Stade Pershing (French pronunciation: [stad pɛʁʃiŋ]) was a multi-purpose stadium in the Bois de Vincennes in Paris, France. It was used mostly for football matches and hosted the final of the Coupe de France on four occasions. It hosted the Inter-Allied Games in 1919 and the first Women's World Games in 1922. It also hosted some of the football matches during the 1924 Summer Olympics. The stadium was able to hold 29,000 spectators at its height; it opened in 1919 and closed in 1960. Its area currently hosts baseball games.
Construction of the stadium was originally contracted to a French firm. However, labour disputes stopped all work. At this time, the engineers of the United States Army intervened and completed construction. It hosted the Inter-Allied Games, and then was presented as a gift from the US to France after the games concluded. At the June 22, 1919 inauguration ceremony, YMCA Chief Secretary Edward Clark Carter delivered the stadium to General Pershing, who in turn, immediately presented the deed to French Minister of Marine Georges Leygues.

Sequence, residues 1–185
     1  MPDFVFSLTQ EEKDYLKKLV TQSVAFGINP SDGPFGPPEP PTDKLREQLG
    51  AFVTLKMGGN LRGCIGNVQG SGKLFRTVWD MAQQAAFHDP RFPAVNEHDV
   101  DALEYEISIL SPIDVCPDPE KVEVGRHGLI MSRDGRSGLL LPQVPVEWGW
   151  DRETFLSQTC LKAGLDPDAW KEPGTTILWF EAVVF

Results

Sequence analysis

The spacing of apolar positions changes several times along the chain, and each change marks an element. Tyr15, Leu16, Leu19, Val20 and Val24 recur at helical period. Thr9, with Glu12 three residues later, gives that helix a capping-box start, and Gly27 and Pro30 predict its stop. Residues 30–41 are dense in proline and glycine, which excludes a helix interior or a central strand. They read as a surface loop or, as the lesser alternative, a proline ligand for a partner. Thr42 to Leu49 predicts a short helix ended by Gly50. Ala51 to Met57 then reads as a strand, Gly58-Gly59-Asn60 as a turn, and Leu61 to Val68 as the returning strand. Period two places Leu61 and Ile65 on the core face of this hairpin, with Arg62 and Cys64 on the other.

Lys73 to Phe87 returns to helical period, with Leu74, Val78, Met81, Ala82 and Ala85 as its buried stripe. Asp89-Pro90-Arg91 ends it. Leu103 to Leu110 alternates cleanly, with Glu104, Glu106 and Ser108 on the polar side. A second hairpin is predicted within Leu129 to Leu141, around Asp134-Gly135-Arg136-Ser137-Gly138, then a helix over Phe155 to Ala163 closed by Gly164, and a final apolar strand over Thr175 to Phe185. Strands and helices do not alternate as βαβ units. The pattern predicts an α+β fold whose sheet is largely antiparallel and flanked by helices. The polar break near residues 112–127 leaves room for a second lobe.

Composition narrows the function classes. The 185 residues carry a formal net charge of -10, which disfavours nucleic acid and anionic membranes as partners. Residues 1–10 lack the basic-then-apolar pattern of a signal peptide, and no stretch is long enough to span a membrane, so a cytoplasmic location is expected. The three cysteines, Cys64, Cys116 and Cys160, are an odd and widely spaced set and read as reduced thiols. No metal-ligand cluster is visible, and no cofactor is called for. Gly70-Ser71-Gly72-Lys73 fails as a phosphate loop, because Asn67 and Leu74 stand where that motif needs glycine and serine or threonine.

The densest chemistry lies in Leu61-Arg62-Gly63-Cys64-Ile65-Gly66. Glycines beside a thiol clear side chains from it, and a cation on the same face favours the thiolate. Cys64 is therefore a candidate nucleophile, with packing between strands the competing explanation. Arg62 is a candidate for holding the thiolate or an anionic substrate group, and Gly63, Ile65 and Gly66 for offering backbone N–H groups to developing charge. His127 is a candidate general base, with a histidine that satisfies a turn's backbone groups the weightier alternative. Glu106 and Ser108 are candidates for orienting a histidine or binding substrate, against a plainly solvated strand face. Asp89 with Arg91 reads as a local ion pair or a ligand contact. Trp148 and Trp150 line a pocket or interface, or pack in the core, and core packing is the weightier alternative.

An exhibition match at Stade Pershing between the England and Australian national rugby league football teams in December 1933 (won 63–13 by the Australians) as part of the Australian teams 1933–34 Kangaroo Tour, inspired the beginnings of rugby league in France.
- Soldiers and Sportsmen: An account of the sporting activities of the Australian Imperial Force during the period between November, 1918, and September, 1919. by Lt. G.H. Goddard p. 51
- A.E.F., 1917-1919, United States Army (1919). "Story of the Stadium". Official Athletic Almanac of the American Expeditionary Forces, 1919: A.E.F. Championships. Inter-allied Games. American Sports Publishing Company. p. 235–242.
- Lyle, Beaton (7 April 2009). "75 Years of French Rugby League". rleague.com. Archived from the original on 8 September 2012. Retrieved 30 October 2011.